Why Don't Birds Have Saliva?

Becauth their featherth would thtick to their mouth!

Priest Buys a Parrot

A priest is buying a parrot to keep him company.   "Are you sure he doesn't scream, yell, or swear?" asked the priest.   "Oh absolutely. He's a very religious parrot," the storekeeper assures him.   "Do you see those ribbons on his legs? When you pull the red ribbon on the right leg, he recites the Lord's Prayer, and when you pull the blue ribbon on the left leg he recites the Hail Mary."   "Wonderful!" says the priest, "I will take him -he will be perfect for my home." At home the priest shows him off to his housekeeper and explains what a wonderful religious parrot he is and what the ribbons are for....she is most impressed and then asks "what happens if you pull both ribbons?"   The parrot screeches, "I fall on my ass.  I fall on my ass   I fall on my ass......!!!!"

A Man Inherits a Parrot

A man inherits a parrot from a relative who passes away. Upon its arrival, the man learns that the parrot was originally owned by a sailor, and has the bad language to match.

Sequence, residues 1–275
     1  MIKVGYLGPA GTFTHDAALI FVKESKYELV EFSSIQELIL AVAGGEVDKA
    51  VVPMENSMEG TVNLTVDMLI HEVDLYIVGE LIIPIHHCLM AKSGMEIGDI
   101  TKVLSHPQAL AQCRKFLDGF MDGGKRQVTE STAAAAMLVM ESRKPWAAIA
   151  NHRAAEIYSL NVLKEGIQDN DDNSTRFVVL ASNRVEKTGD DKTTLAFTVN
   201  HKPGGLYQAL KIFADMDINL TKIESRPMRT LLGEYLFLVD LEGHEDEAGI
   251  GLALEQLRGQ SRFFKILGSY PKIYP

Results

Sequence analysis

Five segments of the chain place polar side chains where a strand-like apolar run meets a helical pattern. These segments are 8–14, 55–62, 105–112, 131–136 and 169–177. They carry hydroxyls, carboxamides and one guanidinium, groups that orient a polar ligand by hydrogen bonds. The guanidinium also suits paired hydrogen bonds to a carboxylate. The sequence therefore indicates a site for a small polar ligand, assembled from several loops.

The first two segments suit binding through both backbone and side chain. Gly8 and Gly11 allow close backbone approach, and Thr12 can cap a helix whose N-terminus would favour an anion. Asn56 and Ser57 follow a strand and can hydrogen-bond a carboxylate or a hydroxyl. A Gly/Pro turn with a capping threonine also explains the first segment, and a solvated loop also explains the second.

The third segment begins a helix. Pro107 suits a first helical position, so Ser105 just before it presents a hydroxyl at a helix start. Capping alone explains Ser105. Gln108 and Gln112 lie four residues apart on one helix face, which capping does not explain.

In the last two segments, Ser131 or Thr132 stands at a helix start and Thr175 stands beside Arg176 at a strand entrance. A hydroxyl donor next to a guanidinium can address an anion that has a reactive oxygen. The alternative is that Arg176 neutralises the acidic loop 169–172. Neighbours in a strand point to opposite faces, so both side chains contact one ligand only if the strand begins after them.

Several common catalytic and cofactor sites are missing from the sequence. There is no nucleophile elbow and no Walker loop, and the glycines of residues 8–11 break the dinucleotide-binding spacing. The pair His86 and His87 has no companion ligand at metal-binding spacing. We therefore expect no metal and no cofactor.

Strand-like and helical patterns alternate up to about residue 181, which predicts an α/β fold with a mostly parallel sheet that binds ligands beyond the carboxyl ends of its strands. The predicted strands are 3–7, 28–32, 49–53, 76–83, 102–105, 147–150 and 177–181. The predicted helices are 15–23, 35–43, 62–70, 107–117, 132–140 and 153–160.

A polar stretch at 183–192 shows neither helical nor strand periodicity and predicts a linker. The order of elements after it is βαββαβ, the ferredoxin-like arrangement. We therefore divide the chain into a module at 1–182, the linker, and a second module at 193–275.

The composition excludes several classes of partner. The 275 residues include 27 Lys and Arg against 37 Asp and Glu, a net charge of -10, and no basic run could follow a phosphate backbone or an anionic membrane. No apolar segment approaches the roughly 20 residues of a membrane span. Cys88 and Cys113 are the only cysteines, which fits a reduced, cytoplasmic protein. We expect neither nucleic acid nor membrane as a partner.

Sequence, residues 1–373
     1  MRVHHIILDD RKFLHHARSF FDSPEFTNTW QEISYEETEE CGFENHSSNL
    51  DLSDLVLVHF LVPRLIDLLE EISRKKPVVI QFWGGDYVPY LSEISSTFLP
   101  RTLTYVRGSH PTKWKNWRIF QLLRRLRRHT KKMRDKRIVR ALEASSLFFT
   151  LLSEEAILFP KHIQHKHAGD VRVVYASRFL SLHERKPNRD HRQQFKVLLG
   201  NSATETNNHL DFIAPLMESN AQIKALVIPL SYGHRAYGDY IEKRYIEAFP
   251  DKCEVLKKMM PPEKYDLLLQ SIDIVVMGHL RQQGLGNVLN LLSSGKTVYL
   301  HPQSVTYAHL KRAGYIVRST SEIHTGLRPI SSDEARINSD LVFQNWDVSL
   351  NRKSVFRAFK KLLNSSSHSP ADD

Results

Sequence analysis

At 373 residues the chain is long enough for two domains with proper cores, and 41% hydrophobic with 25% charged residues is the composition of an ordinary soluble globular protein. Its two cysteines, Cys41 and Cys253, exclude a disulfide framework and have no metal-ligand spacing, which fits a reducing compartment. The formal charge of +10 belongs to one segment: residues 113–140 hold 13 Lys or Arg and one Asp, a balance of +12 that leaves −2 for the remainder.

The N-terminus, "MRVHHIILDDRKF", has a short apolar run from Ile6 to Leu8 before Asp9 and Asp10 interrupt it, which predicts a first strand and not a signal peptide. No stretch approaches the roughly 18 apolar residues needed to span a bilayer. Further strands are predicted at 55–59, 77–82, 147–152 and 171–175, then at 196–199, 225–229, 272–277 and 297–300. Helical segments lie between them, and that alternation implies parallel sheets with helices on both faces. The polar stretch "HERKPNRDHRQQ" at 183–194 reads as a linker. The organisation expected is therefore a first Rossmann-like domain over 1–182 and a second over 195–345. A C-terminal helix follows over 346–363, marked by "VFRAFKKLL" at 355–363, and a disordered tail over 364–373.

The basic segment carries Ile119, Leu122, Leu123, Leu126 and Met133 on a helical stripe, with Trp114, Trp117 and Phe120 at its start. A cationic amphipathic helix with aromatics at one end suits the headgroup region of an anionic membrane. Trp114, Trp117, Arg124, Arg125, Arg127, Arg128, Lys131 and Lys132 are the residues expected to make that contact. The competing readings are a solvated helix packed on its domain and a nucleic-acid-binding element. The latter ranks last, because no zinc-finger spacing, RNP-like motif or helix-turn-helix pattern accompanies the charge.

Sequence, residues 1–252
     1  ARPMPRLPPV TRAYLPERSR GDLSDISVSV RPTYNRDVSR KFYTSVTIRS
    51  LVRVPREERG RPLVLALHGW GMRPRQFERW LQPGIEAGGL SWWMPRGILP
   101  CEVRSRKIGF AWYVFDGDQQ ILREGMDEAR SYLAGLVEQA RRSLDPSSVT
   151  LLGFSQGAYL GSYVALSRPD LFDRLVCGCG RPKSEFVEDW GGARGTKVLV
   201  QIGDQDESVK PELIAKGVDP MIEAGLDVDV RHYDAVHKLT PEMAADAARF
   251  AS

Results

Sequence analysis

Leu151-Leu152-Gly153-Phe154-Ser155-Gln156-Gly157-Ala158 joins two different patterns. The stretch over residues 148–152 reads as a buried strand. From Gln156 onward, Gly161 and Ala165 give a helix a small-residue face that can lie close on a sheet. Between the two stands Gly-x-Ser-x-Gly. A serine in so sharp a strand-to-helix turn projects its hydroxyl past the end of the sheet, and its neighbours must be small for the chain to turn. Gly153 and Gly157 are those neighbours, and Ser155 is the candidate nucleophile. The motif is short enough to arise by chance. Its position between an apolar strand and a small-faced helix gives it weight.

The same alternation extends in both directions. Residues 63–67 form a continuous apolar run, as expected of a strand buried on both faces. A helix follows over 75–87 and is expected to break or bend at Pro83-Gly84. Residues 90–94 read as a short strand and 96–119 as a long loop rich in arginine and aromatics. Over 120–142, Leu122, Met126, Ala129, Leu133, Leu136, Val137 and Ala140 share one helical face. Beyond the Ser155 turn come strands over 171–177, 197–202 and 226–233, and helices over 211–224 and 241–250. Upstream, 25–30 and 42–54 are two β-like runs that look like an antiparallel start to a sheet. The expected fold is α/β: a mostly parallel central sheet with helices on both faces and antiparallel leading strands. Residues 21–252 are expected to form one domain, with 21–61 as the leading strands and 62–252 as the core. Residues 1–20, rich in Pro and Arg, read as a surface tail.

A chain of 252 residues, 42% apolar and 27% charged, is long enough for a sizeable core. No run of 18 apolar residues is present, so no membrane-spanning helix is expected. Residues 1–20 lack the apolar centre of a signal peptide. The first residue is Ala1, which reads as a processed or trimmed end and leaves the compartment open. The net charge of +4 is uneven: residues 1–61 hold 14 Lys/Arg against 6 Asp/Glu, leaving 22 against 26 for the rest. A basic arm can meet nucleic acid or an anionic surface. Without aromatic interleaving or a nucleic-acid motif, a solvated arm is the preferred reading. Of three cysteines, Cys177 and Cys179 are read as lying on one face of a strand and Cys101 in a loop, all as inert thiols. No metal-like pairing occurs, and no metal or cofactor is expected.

The man's mother comes by, and the parrot cusses so much, his mother passes out. His girlfriend hears the parrot, and dumps him. The priest comes by to exorcise the parrot, and that doesn't even work. He's lost his family, he's lost his friends, he's about to have a nervous breakdown. One day he's finally had it with the bird, and throws him in the freezer.

The parrot cusses even worse than ever, and then suddenly gets quiet. After a while, the man gets worried and goes to check. The parrot
 looks at him, and says: "Dear sir. I am terribly sorry for my language as of late. I realize now that it was unacceptable, and I promise that in the future, I shall conduct myself in an appropriate manner. But first, I must ask. . . what did the chicken do?"

Birdie Christmas Carols

To the tune of "We Three Kings"

We three 'tiels of Mickaboo are
Bearing joy instead of scars.
We're so happy in our new home!
Now we're no longer alone!

Oh - oh -

Birds of wonder
Birds of light
Birds with royal beauty bright.
Homeward leaning, we're still preening,
And singing for joy with all our might!

 To the tune of "Deck the Halls"
 Deck the halls with sprays of millet
 Fa la la la la, la la la la

When there's an empty food dish, fill it!
 Fa la la la la, la la la la.

Don we now our birdie porridge
 Fa la la la la la, la la la

Hide our food, for it we'll forage!
 Fa la la la la, la la la la.